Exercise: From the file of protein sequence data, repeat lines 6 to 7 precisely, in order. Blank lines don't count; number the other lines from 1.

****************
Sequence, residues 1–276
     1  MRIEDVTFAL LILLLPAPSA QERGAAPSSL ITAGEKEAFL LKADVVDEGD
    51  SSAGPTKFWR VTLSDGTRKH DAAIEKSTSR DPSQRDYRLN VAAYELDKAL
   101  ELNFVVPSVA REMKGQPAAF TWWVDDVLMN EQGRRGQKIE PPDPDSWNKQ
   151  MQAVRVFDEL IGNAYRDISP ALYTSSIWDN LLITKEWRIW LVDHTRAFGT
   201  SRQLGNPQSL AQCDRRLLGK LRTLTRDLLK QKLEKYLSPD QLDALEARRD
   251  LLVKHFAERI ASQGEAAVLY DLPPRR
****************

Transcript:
   201  SRQLGNPQSL AQCDRRLLGK LRTLTRDLLK QKLEKYLSPD QLDALEARRD
   251  LLVKHFAERI ASQGEAAVLY DLPPRR